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Staub v. Harris

decided: July 8, 1980.



Before Rosenn, Garth and Sloviter, Circuit Judges.

Author: Sloviter


This case requires us to decide whether a per capita tax levied by a Pennsylvania taxing district is a "debt" encompassed within the scope of the Fair Debt Collection Practices Act, 15 U.S.C. § 1692 et seq. (Supp. II 1978). The district court held that it was not, and dismissed the action brought under that statute for lack of jurisdiction.


Appellants Fred G. Staub and Yvonne G. Staub (hereinafter "Staubs"), are husband and wife living in New Oxford, Adams County, Pennsylvania. They are subject to per capita taxes in the following taxing districts in which they reside: Conewago Valley School District, Hamilton Township and the County of Adams. The Staubs were delinquent in paying certain of these per capita taxes levied by these taxing districts for 1972 through 1977 in the amount of $235.21.

The taxing districts hired G. H. Harris and James P. Harris, of G. H. Harris Associates (hereinafter "Harris"), a private agency, to collect their delinquent taxes.*fn1 Harris is a profit-making business entity which collects debts owed or due or asserted to be owed or due to a party other than itself. It is neither an employee nor officer of the United States or of any state or local government. Nonetheless, it held itself out as a "deputy tax collector."*fn2

On June 13, 1978, the Harrises served a document titled "Final Notice Before Being Posted For Sale or Other Means of Collections to be Instituted" on one of the Staubs' children. The notice threatened the sale of the Staubs' home and personal goods unless they paid $323.75 by June 17, 1978.*fn3 It was embossed with the legend "Delinquent Tax Collector," and was signed "J. P. Harris, Deputy # 48." It stated that any action on the part of the Staubs to interfere with the proposed actions was a criminal misdemeanor which could result in a $500 fine or 30 days' imprisonment or both.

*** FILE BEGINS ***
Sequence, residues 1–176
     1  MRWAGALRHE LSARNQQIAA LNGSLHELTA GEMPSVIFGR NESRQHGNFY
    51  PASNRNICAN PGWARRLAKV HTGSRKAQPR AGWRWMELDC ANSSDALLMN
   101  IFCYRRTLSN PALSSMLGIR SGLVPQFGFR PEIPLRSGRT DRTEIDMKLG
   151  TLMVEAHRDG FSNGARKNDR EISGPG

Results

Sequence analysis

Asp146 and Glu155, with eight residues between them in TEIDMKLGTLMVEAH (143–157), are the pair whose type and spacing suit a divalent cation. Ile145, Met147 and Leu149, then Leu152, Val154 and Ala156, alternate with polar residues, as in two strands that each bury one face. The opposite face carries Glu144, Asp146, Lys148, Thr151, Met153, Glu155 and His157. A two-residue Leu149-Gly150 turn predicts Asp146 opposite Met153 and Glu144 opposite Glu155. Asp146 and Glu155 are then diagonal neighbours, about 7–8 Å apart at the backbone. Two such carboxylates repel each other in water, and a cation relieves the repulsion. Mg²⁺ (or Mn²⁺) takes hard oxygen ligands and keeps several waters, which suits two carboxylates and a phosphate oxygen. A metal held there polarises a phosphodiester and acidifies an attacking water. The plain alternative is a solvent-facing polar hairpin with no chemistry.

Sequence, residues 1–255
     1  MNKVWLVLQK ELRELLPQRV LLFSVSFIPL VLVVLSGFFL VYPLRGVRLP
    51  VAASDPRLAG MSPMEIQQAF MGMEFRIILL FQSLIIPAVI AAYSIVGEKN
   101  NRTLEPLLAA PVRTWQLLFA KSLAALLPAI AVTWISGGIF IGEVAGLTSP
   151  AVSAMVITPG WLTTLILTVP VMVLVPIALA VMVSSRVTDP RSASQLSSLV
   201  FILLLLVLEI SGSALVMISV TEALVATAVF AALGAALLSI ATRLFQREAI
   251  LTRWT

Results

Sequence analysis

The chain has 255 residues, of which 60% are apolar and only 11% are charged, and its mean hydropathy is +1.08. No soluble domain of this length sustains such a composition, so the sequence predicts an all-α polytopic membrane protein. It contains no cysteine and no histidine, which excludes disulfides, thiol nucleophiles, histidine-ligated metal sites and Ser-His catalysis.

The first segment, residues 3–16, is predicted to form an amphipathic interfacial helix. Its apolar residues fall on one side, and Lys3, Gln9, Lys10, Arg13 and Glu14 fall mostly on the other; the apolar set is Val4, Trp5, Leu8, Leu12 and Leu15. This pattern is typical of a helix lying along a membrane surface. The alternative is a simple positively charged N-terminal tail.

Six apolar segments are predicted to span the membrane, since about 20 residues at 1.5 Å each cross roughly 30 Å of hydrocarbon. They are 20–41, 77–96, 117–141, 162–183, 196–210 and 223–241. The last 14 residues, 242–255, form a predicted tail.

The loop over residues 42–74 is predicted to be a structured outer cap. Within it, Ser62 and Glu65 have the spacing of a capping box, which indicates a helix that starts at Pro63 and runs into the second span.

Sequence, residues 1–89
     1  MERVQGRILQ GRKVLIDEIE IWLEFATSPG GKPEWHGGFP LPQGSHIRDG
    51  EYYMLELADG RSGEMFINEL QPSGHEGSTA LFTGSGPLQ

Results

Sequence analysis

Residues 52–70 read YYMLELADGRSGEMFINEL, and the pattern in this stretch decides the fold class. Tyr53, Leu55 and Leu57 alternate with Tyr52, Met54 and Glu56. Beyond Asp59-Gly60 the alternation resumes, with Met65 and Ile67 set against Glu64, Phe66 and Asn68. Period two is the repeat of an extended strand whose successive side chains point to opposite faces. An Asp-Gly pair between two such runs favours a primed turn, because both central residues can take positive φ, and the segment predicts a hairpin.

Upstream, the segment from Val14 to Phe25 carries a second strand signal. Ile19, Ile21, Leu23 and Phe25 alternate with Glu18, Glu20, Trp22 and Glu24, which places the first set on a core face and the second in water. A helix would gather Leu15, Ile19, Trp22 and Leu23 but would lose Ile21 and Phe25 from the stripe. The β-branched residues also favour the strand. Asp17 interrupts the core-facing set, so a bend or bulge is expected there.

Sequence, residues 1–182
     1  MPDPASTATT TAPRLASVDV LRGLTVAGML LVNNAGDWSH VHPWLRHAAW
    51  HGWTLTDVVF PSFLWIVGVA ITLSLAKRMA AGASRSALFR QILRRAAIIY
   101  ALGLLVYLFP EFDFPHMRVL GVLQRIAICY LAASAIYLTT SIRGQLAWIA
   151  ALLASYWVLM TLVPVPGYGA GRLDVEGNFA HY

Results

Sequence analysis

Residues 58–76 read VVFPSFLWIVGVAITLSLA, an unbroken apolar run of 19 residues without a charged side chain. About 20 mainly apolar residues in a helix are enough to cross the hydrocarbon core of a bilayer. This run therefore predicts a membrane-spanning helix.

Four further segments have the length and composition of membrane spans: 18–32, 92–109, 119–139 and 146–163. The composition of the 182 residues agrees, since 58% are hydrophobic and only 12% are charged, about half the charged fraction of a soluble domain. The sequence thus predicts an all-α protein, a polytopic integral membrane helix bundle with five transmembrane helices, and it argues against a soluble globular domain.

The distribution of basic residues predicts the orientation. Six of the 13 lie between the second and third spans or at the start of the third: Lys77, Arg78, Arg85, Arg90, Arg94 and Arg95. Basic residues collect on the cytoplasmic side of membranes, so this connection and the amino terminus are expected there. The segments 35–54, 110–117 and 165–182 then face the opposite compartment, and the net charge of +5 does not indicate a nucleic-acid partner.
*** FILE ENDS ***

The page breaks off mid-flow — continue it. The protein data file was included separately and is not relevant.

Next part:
Alleging jurisdiction under the Federal Debt Collection Practices Act (hereinafter "FDCPA")*fn4, the Staubs then brought suit against the individual defendants and against G. H. Harris Associates for harassment and abuse, false and misleading representation, unfair practices, and failure to validate the debt, all in violation of the FDCPA. They sought declaratory and injunctive relief as well as compensatory and exemplary damages.

Defendants filed a motion to dismiss alleging that there was no jurisdiction because any cause of action under the FDCPA must be incident to collection of a "debt", and a tax was not a debt under the statute. The district court granted the motion to dismiss, holding that taxes are not encompassed within the definition of "debt" under the statute.


The FDCPA was enacted in 1977 as an amendment to the Consumer Credit Protection Act "to protect consumers from a host of unfair, harassing, and deceptive debt collection practices without imposing unnecessary restrictions on ethical debt collectors." Consumer Credit Protection Act, Sen.Rep. No. 95-382, 95th Cong., 1st Sess. 1-2, reprinted in (1977) U.S. Code Cong. & Admin. News, pp. 1695, 1696. Among the specific practices prohibited are threats of violence, obscene language, the publishing of "shame lists," harassing or anonymous telephone calls, impersonating a government official or attorney, misrepresenting the consumer's legal rights, simulating court process, obtaining information under false pretenses, collecting more than is legally owing, and misusing postdated checks. See 15 U.S.C. §§ 1692d, 1692e, 1692f. The statute does not apply to persons or businesses collecting debts on their own behalf. Id. § 1692a(4). It is directed to those persons who are engaged in business for the principal purpose of collecting debts. Id. § 1692a(6). In order to prevent collection action against the wrong person or against a debtor who has already paid, the Act requires the debt collector to validate the debt. Id. § 1692g. Within five days after the initial communication, the debt collector must send the consumer written notice stating the name of the creditor and the amount owed. Id. § 1692g(a)(1)-(2). If the consumer disputes the validity of the debt within 30 days, the debt collector must cease collection until s/he sends the consumer verification. Id. § 1692g(b). Congress viewed the statute as primarily self-enforcing. Sen.Rep. No. 95-382 at 5, reprinted in (1977) U.S. Code Cong. & Admin. News at 1699. The statute provides for suit by the aggrieved consumer who may recover actual damages, attorney's fees and costs, and additional damages to be assessed as the court deems appropriate, not exceeding $1,000. 15 U.S.C. § 1692k(a).

Plaintiff's complaint alleges that the Harrises' actions consisted, inter alia, of harassment, false representation of the Harrises' status, and failure to validate the debt. In the posture of this case, we must assume that the allegations of the complaint are true. Therefore, if the transaction is covered by the FDCPA, defendants' actions would fall within the behavior proscribed by the statute.

Defendants moved to dismiss on the ground that the statute only authorizes a cause of action incident to collection of a "debt" and taxes are not included within the definition of "debt" set ...

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